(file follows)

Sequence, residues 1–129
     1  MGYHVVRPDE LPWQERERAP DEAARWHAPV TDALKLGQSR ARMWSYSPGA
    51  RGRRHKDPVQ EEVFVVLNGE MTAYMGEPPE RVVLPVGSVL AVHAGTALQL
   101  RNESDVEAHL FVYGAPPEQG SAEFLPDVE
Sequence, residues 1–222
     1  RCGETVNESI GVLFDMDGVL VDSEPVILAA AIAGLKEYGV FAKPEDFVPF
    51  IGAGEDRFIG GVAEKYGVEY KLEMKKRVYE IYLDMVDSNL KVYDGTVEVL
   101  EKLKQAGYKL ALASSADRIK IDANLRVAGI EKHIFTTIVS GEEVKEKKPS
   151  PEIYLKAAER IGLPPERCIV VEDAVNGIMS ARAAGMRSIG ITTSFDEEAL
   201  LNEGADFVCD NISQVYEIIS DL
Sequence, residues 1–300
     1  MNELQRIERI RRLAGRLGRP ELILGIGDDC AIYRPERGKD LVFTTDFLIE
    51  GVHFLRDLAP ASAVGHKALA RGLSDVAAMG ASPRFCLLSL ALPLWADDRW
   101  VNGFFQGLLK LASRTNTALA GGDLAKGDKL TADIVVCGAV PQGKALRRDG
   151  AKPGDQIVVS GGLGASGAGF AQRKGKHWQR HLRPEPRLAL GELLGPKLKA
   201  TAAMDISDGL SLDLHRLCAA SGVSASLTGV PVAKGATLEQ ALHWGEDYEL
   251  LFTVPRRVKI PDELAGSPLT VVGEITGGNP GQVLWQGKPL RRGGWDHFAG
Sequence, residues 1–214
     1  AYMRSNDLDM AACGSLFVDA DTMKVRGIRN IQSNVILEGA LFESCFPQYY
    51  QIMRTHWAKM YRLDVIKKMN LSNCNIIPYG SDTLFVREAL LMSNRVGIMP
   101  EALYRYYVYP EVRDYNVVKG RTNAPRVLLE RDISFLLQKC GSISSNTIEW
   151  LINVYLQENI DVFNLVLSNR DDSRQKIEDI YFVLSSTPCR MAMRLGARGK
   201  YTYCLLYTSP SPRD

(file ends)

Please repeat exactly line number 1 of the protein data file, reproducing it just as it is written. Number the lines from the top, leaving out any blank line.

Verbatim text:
Sequence, residues 1–129